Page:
Caixin
Mar 31, 2017 07:34 PM
ENVIRONMENT

Panda Released Into Wild Found Dead After Attack by Animals

Domestically raised panda Hesheng, who was released into the wild last year, was recently found dead. Photo: Caixin
Domestically raised panda Hesheng, who was released into the wild last year, was recently found dead. Photo: Caixin

(Beijing) — A domestically raised panda released into the wild in July was found dead two months later, apparently after being attacked by unknown animals.

The 3-year-old panda, He Sheng, was found dead in Ya’an, Sichuan province, on Sept. 27, with wounds to his right shoulder, ear and leg, the Chengdu Research Base of Giant Panda Breeding said this week on its official Weibo account. An autopsy found the panda had died from infection.

He Sheng was released into the wild last July along with a female panda named Qian Qian. The pandas had gone through a program to help them move from a domestic to natural environment.

He Sheng was safe and healthy on Sept. 11, when researchers spotted him at a location 3.5 kilometers from where he was initially released. At that time, the panda appeared to be able to drink and eat on his own.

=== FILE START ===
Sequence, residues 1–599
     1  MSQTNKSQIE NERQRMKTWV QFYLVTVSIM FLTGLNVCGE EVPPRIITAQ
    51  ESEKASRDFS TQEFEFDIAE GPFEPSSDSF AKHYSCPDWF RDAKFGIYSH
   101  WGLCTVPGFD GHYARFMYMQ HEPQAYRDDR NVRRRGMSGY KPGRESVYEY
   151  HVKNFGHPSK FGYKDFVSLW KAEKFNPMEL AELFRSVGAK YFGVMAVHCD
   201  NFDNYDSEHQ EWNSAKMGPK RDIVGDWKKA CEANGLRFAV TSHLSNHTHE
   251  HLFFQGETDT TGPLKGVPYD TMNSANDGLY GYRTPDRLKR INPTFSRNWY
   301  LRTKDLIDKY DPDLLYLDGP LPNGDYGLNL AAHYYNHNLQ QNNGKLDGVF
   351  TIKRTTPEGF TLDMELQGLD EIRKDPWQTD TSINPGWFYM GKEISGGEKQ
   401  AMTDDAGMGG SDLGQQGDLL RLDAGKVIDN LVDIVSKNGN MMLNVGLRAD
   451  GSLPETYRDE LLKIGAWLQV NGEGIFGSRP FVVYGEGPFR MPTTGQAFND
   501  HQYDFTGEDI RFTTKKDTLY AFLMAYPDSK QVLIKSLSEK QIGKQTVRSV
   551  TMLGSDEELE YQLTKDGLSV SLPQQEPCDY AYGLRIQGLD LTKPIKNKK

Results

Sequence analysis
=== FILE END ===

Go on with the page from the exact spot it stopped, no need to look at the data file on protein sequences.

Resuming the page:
The Chengdu panda breeding center said it was “deeply sorry and sad” for the loss.

After finding He Sheng dead, Qian Qian was captured and taken back to a semi-wild reserve area, where she now lives.

“Qian Qian has been feeding on wild bamboo by herself during this period of time, and she’s doing well and is healthy now,” the research base said in its statement.

China started to train pandas to live in the wild in 2006 in order to help the species improve its survival skills. But survival rates are not high.

In April 2006, a panda named Xiang Xiang was released into the wild at the Wolong nature reserve in Sichuan after three years of wildness survival training. But 10 months later, it was found dead. It was believed to have fought with a wild panda, and fell from a height while it was trying to escape.

In October 2014, panda Xue Xue was released at Liziping reserve in Ya’an, and found dead a month later.

According to a survey report released by China’s State Forestry Administration in 2015, there were 1,864 wild pandas by the end of 2013, a 17% increase from a previous study in 2003. By the end of 2015, there were 422 pandas raised in captivity, and that figure is believed to have grown.

Contact reporter Wu Gang (gangwu@caixin.com)

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